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eMedals-A First Memorial Cross; Canadian Concentration Camp at Kinmel Park

Item: C3765

A First Memorial Cross; Canadian Concentration Camp at Kinmel Park

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$185

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A First Memorial Cross; Canadian Concentration Camp at Kinmel Park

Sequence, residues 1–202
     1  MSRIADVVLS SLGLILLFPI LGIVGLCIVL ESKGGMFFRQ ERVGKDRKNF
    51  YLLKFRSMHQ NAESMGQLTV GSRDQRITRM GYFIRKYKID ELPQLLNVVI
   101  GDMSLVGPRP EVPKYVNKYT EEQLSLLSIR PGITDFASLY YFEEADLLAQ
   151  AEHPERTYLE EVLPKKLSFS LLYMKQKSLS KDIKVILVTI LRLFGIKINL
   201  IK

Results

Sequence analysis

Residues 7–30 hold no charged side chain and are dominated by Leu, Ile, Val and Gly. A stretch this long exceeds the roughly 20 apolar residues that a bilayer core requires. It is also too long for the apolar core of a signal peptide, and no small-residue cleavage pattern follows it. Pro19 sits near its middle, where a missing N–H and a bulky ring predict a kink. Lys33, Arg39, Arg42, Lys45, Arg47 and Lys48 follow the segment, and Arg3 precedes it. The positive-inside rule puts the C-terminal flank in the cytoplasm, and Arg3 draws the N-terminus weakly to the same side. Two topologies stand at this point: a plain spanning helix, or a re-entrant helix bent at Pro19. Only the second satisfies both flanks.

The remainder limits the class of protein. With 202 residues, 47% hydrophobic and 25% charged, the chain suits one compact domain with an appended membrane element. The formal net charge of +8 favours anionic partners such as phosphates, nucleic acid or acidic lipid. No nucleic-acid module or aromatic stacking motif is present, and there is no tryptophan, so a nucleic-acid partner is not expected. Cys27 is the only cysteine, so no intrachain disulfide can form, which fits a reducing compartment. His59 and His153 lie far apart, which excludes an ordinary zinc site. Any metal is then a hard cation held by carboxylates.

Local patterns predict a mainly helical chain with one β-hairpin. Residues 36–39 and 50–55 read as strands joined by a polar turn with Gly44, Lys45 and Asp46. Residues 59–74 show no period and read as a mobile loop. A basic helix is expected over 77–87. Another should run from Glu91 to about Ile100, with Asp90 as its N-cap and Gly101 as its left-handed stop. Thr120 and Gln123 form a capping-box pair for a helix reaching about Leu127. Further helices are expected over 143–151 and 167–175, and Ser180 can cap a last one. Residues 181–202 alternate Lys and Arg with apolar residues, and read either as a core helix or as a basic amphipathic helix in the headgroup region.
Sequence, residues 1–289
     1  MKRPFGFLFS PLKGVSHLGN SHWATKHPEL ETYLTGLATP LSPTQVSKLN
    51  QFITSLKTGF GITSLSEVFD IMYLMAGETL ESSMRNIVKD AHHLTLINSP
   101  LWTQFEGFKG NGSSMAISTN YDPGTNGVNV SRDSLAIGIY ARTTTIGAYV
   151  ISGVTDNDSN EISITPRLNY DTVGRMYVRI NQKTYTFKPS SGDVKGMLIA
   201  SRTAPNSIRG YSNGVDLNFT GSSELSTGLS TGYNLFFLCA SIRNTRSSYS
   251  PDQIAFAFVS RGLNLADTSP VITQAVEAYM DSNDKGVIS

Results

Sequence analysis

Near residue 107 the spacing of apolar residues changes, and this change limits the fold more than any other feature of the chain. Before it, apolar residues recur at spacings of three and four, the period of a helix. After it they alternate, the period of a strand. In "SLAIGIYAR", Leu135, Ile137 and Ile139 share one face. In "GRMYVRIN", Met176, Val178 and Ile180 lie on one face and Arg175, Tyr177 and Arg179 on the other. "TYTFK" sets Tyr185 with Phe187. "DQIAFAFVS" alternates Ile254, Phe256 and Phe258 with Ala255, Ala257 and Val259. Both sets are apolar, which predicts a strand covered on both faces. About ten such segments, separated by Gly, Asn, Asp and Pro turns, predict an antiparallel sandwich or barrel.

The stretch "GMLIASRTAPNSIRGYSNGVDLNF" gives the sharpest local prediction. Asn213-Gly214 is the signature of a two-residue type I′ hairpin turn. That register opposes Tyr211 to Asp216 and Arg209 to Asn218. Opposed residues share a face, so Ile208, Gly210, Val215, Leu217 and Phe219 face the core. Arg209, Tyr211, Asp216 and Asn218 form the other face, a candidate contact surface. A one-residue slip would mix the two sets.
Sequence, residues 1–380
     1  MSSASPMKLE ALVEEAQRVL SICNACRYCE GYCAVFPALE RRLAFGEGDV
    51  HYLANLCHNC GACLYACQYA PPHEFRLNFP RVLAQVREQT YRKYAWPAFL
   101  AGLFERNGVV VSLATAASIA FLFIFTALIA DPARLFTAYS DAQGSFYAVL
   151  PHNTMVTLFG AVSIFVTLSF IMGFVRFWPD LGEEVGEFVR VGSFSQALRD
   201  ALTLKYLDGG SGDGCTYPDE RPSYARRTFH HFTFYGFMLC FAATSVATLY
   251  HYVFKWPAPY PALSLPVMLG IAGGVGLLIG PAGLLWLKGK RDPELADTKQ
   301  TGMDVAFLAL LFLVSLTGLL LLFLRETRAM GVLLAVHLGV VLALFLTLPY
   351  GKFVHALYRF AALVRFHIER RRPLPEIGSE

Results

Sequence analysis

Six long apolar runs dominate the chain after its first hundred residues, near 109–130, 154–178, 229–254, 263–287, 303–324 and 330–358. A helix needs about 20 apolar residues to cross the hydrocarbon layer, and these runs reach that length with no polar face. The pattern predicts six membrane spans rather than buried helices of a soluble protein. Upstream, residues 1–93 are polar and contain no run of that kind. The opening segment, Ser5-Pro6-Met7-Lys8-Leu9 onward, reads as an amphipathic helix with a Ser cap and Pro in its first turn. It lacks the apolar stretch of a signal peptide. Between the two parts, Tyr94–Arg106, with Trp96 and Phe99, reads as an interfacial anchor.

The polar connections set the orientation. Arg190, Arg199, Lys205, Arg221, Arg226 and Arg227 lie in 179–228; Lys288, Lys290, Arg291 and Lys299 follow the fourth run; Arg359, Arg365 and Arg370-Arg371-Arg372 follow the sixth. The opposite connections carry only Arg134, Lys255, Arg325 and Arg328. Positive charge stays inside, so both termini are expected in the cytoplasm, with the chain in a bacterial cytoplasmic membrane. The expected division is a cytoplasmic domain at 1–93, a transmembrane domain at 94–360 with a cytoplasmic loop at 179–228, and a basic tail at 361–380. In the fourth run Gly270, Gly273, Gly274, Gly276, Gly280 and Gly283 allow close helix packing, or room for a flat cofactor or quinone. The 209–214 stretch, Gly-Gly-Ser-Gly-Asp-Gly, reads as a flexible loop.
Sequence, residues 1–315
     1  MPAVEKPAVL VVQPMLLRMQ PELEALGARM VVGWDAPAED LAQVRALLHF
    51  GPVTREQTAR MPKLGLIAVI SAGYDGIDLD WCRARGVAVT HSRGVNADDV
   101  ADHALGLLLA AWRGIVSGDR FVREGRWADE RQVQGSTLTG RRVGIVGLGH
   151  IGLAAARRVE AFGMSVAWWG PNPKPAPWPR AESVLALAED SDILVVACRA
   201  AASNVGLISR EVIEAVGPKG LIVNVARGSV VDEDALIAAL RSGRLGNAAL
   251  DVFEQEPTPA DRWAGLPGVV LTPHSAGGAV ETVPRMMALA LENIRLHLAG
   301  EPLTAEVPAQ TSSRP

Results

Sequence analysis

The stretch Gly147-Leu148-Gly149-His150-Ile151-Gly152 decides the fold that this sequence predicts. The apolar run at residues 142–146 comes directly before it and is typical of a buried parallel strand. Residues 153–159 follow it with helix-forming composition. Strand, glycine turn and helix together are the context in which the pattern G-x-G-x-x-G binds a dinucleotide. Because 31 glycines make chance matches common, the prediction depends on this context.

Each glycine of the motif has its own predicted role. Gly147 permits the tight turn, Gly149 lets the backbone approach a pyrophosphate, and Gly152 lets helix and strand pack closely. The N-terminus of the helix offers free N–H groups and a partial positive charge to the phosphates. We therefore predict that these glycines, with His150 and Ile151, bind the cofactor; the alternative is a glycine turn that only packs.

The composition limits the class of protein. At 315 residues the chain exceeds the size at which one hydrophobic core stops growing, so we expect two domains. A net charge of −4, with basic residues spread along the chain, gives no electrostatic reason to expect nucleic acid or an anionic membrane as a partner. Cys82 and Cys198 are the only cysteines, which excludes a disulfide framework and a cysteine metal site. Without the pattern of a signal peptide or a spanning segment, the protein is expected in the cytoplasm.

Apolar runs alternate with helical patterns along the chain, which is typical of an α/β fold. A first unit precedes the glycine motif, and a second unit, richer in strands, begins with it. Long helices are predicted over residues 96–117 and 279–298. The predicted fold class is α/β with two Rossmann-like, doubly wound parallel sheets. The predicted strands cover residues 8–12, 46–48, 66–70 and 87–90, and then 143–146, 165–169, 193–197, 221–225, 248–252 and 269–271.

A First Memorial Cross; Canadian Concentration Camp at Kinmel Park - (213281 L-Cpl. V. EGLESTON). Naming is officially engraved. Dark patina, finely pebbled surface, light contact, near extremely fine. Accompanied by copies of his Index Cards, Attestation Paper, Service Records, Medical Records, Pay Records and Discharge Certificates, along with assorted research papers.  Footnote: Victor Egleston was born on April 14, 1897 in Hoo, Kent, England. He signed his Attestation Paper with the 99th Infantry Battalion "Essex Battalion" on December 14, 1915 in Windsor, Ontario, naming his next-of-kin as his father, John Egleston of Windsor, stating that he had twelve months' previous military service with the 21st Regiment as a Sergeant, that he was not married and that his trade was that of Clerk. The Battalion was raised in Essex County, Ontario with mobilization headquarters at Windsor under the authority of G.O. 151, December 22, 1915. The Battalion sailed May 31, 1916 aboard the S.S. Olympic, under the command of Lieutenant-Colonel T.B. Welch with a strength of 36 officers and 825 other ranks, arriving in Liverpool, England on June 8th. In England, the Battalion was absorbed into the 35th Reserve Battalion, of which Egleston was transferred to on July 6th. After one month, he was transferred to the 19th Infantry Battalion on August 6th for overseas service in the French theatre, arriving at the Canadian Base Depot on August 7th. Five days later, he left for the 2nd Entrenchment Battalion on the 12th, arriving with his unit in the field on the 14th, then joined the 19th Battalion two weeks later on the 28th. He was in battle eighteen days later, when he suffered a severe gun shot wound (shrapnel) to the chest and face on September 15, 1916, which would ultimately leave a small irregular scar on his mid forehead. He was immediately evacuated to England, arriving at the Canadian Casualty Assembly Centre at Folkestone on the 17th, then admitted to the 2nd Southern General Hospital in Bristol on September 18th. He was transferred five days later to the Canadian Convalescent Hospital at Bearwood, Wokingham on the 23rd, reassessed, then placed at the Canadian Casualty Assembly Centre on the 25th, where he was to recuperate for the next three weeks or so, before being discharged on October 17th. He was then posted to the Canadian Convalescent Depot at Shoreham and discharged from the Canadian Convalescent Depot on December 19th. Egleston was transferred to the 3rd Canadian Reserve Battalion at Hastings on January 24, 1917 and after three months, was again transferred back to the 19th Infantry Battalion at West Sandling on April 25th. He was with the 19th Infantry Battalion when his second major hospitalization began on November 16, 1917, and it was to last the next five months. He was admitted to No. 11 Stationary Hospital at Rouen with Trench Foot, then evacuated to England, where he was placed at Bath War Hospital on the 20th. He was at Bath for two months before being transferred to the Military Convalescent Hospital at Epsom on the January 22, 1918 for the next six weeks. He was then admitted to No. 16 Canadian General, Ontario Military Hospital at Orpington, Kent on March 5th, then transferred to the Canadian Convalescent Hospital at Bromley on April 18th, where he was discharged the following day. Egleston was posted to the Central Ontario Regimental Depot on June 7th, at which he was appointed Lance Corporal on October 7, 1918. He was placed on command at the Canadian Concentration Camp at Kinmel Park for return to Canada on December 12, 1918, soon leaving for home and taken on strength at No. 1 District Depot in London, Ontario on December 21, 1918. He was posted to Casualty Company on January 2, 1919 and given a Subsistence Allowance that lasted from January 2nd to the 25th. It was here that a Medical Board determined that he had Pulmonary Tuberculosis. In his Medical History of an Invalid, dated January 27, 1919, it was determined that he had Pulmonary Tuberculosis before enlisting, due to an exposure to infection and experienced a "frequent cough and expectoration prior to enlistment". His medical condition after being examined in Canada noted that he had "slight retraction of the chest wall", with a "slight cough and expectoration". He had had a history of "loss of weight since December 1917" and was now "easily fatigued" and experiencing "occasional pains in the left chest anteriorly". Egleston was discharged as being "Medically Unfit" on February 3, 1919 at No. 1 Military District. Ironically, he died eighteen years to the day he suffered his shrapnel injuries, on September 15, 1934 from Pulmonary Tuberculosis. Although his condition existed before enlistment, the Army still admitted him and accepted responsibility for him, the condition exacerbated by his war service. His mother, Mrs. Anna Egleston of Detroit, Michigan, received his Memorial Cross. He had previously received his war medals. He did marry after his discharge, so his wife did not receive a Memorial Cross.
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